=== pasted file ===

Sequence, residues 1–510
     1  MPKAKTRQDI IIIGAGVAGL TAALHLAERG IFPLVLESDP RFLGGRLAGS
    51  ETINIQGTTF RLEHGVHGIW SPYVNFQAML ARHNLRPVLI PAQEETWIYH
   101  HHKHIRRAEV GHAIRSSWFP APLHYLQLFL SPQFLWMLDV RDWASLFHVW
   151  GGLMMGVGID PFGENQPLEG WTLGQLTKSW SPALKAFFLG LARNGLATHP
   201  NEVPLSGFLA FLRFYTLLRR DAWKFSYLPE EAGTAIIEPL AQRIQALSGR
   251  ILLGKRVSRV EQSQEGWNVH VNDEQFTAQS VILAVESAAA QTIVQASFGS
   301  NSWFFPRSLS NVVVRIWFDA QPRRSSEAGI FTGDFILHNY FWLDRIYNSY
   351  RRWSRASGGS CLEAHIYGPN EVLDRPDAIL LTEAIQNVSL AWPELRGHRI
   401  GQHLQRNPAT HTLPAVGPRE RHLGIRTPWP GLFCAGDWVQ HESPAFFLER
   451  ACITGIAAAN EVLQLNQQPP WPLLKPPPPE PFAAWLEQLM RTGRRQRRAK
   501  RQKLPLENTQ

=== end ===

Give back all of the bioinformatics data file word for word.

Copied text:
Sequence, residues 1–510
     1  MPKAKTRQDI IIIGAGVAGL TAALHLAERG IFPLVLESDP RFLGGRLAGS
    51  ETINIQGTTF RLEHGVHGIW SPYVNFQAML ARHNLRPVLI PAQEETWIYH
   101  HHKHIRRAEV GHAIRSSWFP APLHYLQLFL SPQFLWMLDV RDWASLFHVW
   151  GGLMMGVGID PFGENQPLEG WTLGQLTKSW SPALKAFFLG LARNGLATHP
   201  NEVPLSGFLA FLRFYTLLRR DAWKFSYLPE EAGTAIIEPL AQRIQALSGR
   251  ILLGKRVSRV EQSQEGWNVH VNDEQFTAQS VILAVESAAA QTIVQASFGS
   301  NSWFFPRSLS NVVVRIWFDA QPRRSSEAGI FTGDFILHNY FWLDRIYNSY
   351  RRWSRASGGS CLEAHIYGPN EVLDRPDAIL LTEAIQNVSL AWPELRGHRI
   401  GQHLQRNPAT HTLPAVGPRE RHLGIRTPWP GLFCAGDWVQ HESPAFFLER
   451  ACITGIAAAN EVLQLNQQPP WPLLKPPPPE PFAAWLEQLM RTGRRQRRAK
   501  RQKLPLENTQ